Zynga, the leading developer for Facebook and mobile games, will turn in the paperwork for their initial public offering on Wednesday, say multiple reports. The amount of money expected to change hands when the company's stock hits the market is staggering. According to The Wall Street Journal's sources, Zynga expects to raise up to $2 billion, a figure that puts the company's valuation between $15 and $20 billion.
CNBC's Kate Kelly, who broke the news of Zynga's intentions Tuesday afternoon, reports that Morgan Stanley and Goldman Sachs would underwrite the deal. "The expected Zynga IPO--which could come early this fall, on the heels of a midsummer SEC filing--marks another milestone in what is shaping up to be a euphoric period for Internet new issues," wrote Kelly. Indeed, the last Silicon Valley IPO of this size was Google, which raised $1.67 billion in 2004.
With LinkedIn's runaway success, analysts sound positive. Zynga is expected to bring in $1.5 billion in sales this week from popular games like FarmVille and Texas HoldEm Poker. "Of all the companies we’re looking at, it’s the one we’re most excited about because it’s a real company with real revenues,” analyst Nitsan Hargil told Bloomberg.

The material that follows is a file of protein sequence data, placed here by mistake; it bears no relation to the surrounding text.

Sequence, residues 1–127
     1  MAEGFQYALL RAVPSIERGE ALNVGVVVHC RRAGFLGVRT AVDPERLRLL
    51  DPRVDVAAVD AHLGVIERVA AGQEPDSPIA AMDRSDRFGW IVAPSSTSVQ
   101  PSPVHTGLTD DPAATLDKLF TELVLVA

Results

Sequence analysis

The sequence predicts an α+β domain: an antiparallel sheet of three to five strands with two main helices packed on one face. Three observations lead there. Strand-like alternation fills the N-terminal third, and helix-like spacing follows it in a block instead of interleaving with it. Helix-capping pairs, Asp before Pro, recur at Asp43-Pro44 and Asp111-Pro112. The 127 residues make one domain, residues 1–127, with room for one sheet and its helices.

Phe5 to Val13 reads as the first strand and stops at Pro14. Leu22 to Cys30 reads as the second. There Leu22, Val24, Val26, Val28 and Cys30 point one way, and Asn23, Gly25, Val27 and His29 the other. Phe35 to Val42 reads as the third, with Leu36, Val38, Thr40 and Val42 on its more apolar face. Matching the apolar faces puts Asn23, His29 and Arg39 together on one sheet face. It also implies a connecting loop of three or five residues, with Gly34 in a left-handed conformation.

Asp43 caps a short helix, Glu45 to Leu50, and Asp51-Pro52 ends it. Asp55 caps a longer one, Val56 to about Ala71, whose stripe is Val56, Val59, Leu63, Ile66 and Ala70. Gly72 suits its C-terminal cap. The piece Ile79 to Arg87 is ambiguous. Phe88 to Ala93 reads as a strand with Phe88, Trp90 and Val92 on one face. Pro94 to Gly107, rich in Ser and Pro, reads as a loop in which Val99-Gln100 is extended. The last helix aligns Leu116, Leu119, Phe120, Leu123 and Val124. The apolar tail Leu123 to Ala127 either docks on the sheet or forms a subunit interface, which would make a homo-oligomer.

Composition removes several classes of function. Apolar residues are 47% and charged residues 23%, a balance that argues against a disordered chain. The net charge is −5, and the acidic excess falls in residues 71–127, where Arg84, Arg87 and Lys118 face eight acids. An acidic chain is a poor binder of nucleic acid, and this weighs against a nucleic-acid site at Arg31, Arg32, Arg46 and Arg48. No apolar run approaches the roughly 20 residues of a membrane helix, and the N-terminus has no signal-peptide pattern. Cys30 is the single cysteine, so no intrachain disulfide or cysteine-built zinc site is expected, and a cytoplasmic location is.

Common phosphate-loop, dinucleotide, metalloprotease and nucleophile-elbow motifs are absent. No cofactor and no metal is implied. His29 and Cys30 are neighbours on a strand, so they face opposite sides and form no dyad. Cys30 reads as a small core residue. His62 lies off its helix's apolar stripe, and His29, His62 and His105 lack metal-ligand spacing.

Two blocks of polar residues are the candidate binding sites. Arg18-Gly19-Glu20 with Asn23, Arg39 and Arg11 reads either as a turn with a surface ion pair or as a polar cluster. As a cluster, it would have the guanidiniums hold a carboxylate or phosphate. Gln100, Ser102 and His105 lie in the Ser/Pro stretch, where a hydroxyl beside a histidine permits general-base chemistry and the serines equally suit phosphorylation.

Big money aside, another reason to watch Zynga is to catch a peek at what's to come when Facebook IPOs. Dan Primack at Fortune argues that Zynga could make or break Facebook's capacity to support companies built on top of their framework:
The real question is if an Internet company like Facebook can be widely accepted as a legitimate, stable platform upon which other publicly-traded companies can build. Kind of like how the Microsoft or Apple operating systems are viewed today for software makers.
Zynga will be the largest test to date, and it clearly has passed the private-market preliminaries. Its IPO will be the medal round.
WSJ's Shira Ovide reminds us that lots of people get a little too eager about IPO announcements. A Zynga IPO announcement has been expected for months and could still be weeks away.
This article is from the archive of our partner The Wire.
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